> -----Original Message-----
> From: Gale, David [mailto:David.Gale@Hypertherm.com]
> Sent: 05 December 2005 16:32
> To: Thompson, Graeme (AELE); Andy Levy
> Cc: firstname.lastname@example.org
> Subject: RE: RE: Checking out files to default to read-only
> Thompson, Graeme (AELE) wrote:
> > Yes, we have been in the situation of having files locked
> when people
> > have gone on vacation, but in these cases it is possible to forcibly
> > unlock the files and leave the developer a note, thus not stopping
> > other
> > working on them.
> > More seriously, from our perspective, is the issues we have had when
> > people have tried to merge their changes in with other
> peoples changes
> > and have reintroduced bugs that have already been fixed because they
> > did
> > not have a full understanding of what they were doing.
> These bugs then
> > take the extra time for someone to track down and then fix
> them again!
> > I can see both sides of the argument, and some of my colleagues have
> > worked extensively with both methodologies, but for a
> project that is
> > updated 30-40 times a day, and in lots of places that are
> common, then
> > working with the locking methodology has in experience been
> less prone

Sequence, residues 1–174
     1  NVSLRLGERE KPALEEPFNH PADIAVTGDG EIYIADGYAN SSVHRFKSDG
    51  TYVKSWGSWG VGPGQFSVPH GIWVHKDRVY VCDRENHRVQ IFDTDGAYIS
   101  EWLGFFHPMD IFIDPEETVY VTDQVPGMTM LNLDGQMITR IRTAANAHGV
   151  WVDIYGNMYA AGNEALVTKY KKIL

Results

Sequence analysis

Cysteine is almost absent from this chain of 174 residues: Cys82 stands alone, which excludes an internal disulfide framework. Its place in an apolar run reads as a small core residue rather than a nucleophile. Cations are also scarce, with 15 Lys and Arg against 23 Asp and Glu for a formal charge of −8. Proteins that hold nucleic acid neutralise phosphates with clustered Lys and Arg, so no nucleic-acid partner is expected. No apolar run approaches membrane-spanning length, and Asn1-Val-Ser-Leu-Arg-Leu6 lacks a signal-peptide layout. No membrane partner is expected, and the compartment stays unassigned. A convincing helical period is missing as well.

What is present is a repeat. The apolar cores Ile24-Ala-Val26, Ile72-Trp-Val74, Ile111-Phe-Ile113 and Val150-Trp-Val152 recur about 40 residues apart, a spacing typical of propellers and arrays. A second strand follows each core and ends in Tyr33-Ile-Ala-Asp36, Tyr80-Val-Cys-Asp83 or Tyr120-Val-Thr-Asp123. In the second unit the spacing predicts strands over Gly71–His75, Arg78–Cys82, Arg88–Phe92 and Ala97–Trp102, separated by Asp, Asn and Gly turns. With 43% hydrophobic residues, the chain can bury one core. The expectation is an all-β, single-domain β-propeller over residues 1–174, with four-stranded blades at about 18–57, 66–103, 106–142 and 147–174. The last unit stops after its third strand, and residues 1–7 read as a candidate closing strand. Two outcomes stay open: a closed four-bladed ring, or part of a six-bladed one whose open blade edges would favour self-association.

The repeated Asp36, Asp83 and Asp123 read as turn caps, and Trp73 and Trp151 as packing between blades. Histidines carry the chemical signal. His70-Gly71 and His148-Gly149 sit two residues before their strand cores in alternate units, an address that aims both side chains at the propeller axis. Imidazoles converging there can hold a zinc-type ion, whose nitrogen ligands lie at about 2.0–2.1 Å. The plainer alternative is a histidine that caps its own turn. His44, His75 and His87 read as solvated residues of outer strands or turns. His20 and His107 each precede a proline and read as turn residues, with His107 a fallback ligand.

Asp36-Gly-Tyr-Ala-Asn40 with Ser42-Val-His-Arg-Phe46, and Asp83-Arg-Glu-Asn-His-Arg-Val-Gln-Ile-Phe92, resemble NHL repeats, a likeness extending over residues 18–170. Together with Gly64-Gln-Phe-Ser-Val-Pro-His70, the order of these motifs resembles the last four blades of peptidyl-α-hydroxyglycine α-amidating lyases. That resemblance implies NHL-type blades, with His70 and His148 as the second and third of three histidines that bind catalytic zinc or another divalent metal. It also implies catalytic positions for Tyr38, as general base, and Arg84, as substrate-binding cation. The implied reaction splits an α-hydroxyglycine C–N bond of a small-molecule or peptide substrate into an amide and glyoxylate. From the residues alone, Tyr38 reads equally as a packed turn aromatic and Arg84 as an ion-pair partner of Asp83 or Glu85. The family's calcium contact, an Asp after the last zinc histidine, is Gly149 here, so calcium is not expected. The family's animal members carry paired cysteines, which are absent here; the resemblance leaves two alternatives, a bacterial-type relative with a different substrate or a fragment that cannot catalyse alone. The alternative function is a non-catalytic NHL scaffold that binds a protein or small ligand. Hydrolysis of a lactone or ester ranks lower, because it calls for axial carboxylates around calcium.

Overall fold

> > to time wasted merging files and refixing bugs.
> Interestingly enough, my first experience with version
> control was with
> a small team on a tight deadline (it was a college project, actually).
> We were using CVS, and updated frequently; I remember one time where
> four of us were in the lab together, and we probably had
> fifteen commits
> within the space of ten minutes. We never had any problems with
> previously fixed bugs resurfacing, for two reasons:
> 1) We were working on separate areas of the project. One was
> working on
> the GUI; another, the file system, etc. Even when we were working in
> the same files, we weren't working on the same section of code, so
> conflicts rarely happened.
> 2) We had a strict "Test your changes after every update"
> rule in place.
> If it had happened that two guys were working on the same
> bug, and both
> thought they'd solved it, and the merged code didn't have the fix, the
> second developer knew not to commit his code.
> Really, you seem to be looking to subversion to fix your communication
> problems--get your developers talking to each other, institute some
> basic rules (test the results of any merges!), and you should be fine.
This is one of those scenarios where there is no black and white answer.
Both systems have their advantages and disadvantages. It is possible to
come up with compelling arguments for both sides.
I really like subversion, and this svn:needs-lock I believe will get the
system to work in the way that I would like.
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Received on Mon Dec 5 18:17:23 2005